J. Acad. Nat. Sci. Philadelphia 7: 54. 1834.
Bulb scales: large 2–5; small 45–50. Stem 1–6 dm. Leaves in whorls of 2–3 leaves per node proximally, 4–12 cm, usually shorter than inflorescence; blade linear to lanceolate; distal leaves usually slightly less than or equaling proximalmost leaf. Flowers nodding; perianth widely open; tepals purplish brown, clearly mottled yellow or white, oblong to ± diamond-shaped, 1–2.5 cm, margins flat to revolute, apex not recurved; nectaries obscure, covering most of tepals, yellow with dark reddish dots, elliptic; style obviously branched for more than 1/2 its length; branches longer than 1.5 mm. Capsules acutely angled.
Phenology: Flowering May–Jul.
Habitat: Leaf mold under trees and shrubs
Elevation: 1000–3200 m.
Ariz., Calif., Colo., Idaho, Mont., Nebr., Nev., N.Mex., N.Dak., Oreg., S.Dak., Utah, Wyo.
This species has the widest geographic distribution in the genus. It is easily confused with Fritillaria pinetorum as there is no one consistent, distinguishing trait. These two species are most easily identified in the field, but herbarium specimens can be successfully identified using a combination of flower posture and cauline leaf traits. In F. pinetorum the flowers are almost always erect, although some of the flowers may be ± spreading. In F. atropurpurea the flowers are nodding, with some flowers sometimes ± spreading. The habit of the flowers can be easily confused in pressed specimens, so careful attention to cauline leaf traits works best for them. Fritillaria pinetorum has long proximalmost cauline leaves that surpass the inflorescence, whereas the proximalmost cauline leaves in F. atropurpurea almost never exceed the inflorescence. For accurate identifications, it is best to look at several individuals from a location.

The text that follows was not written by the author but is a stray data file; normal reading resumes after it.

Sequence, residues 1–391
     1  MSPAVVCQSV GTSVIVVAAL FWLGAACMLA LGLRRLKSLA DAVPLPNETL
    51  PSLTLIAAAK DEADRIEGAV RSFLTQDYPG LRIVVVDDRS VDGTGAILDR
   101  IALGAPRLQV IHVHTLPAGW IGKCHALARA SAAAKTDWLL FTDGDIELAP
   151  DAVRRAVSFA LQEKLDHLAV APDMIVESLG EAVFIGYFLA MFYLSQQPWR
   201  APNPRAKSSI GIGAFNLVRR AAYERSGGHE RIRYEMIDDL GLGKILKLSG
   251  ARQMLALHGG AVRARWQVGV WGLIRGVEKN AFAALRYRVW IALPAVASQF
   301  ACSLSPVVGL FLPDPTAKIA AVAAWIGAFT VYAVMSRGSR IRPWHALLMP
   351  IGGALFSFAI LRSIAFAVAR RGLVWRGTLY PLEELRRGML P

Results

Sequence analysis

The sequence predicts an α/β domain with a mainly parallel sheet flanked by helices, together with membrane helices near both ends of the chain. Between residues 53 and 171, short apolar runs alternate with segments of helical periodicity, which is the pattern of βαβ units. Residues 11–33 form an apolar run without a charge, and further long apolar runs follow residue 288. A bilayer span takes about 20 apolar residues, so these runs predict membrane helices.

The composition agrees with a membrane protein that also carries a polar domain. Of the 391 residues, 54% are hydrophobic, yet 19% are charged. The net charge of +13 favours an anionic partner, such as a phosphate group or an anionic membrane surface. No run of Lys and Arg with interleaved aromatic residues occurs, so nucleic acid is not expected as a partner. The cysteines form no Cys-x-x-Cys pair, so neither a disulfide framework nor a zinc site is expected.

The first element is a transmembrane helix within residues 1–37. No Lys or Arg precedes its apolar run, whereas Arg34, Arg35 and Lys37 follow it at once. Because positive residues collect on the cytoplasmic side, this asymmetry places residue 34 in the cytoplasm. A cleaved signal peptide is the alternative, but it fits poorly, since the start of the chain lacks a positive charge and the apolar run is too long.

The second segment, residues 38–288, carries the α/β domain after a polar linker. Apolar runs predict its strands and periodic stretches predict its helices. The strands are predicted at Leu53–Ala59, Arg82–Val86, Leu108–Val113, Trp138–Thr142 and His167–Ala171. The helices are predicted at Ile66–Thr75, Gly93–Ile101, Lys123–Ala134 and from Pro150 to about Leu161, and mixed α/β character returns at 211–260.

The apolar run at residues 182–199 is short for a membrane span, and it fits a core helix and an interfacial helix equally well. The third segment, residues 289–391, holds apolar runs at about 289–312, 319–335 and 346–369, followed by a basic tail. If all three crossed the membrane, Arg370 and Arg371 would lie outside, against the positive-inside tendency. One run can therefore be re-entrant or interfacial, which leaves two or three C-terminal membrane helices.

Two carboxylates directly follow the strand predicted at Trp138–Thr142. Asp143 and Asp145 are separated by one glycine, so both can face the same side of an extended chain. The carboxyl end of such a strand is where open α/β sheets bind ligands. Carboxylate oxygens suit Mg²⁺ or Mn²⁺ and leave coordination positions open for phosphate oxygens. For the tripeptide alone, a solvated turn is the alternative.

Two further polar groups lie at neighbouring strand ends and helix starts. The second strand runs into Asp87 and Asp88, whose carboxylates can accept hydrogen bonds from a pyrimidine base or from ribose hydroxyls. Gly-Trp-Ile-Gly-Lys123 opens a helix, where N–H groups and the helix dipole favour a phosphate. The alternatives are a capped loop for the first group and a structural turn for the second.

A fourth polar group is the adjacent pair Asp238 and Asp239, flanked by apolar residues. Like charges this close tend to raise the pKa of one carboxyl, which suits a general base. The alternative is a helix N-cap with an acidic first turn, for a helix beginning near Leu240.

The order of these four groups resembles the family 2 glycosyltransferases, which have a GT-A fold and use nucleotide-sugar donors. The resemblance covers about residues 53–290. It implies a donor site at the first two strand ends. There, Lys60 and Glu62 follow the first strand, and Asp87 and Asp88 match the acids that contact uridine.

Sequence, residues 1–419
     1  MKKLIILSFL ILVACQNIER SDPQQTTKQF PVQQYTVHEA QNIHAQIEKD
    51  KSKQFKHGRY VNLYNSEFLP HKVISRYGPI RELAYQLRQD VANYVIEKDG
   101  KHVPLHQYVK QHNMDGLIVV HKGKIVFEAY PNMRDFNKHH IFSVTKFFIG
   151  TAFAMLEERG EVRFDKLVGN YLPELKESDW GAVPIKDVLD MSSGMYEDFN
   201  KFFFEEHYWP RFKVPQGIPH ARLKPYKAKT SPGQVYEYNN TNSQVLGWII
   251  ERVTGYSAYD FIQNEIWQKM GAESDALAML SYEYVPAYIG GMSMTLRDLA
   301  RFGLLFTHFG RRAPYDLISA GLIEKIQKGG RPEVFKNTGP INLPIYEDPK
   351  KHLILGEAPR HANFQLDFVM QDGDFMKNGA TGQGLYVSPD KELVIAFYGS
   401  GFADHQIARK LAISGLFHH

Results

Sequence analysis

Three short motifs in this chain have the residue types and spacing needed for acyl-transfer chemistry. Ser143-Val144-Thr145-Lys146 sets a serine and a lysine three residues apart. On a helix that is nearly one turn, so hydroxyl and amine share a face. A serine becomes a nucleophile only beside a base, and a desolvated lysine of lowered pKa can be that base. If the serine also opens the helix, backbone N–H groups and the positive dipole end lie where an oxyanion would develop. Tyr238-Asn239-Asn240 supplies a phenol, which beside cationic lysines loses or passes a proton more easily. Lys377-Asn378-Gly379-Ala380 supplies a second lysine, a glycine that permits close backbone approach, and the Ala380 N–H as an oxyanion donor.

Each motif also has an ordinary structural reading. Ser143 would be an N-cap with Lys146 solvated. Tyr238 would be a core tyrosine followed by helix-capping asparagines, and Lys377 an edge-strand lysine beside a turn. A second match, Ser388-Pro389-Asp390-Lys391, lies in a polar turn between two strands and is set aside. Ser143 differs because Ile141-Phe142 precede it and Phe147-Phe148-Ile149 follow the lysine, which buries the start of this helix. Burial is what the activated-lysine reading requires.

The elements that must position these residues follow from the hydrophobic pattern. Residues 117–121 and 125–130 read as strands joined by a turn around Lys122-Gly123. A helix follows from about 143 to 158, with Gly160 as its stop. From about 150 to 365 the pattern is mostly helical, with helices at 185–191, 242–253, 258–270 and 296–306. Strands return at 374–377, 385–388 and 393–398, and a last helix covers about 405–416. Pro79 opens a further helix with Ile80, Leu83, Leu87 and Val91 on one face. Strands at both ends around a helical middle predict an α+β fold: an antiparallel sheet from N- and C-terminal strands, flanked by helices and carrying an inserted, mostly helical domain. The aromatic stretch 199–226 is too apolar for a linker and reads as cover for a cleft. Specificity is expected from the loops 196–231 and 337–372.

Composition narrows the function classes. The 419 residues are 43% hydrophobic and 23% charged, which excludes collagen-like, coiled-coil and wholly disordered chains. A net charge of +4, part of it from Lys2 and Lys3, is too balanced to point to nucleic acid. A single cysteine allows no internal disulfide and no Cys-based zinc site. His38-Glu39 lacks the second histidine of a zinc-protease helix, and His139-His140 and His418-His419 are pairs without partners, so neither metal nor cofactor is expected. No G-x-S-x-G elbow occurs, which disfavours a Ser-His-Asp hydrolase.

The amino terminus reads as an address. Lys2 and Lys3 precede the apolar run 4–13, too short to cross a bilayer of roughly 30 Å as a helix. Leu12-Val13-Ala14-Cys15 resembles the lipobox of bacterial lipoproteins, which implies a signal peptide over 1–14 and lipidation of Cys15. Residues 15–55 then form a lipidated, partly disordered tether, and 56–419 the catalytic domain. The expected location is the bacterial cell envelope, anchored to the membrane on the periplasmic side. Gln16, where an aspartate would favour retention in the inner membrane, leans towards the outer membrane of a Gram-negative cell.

The Lakota tribe used the whole plant of this species as a cancer cure. Plants were pulverized into a salve and applied to scrofulous swellings.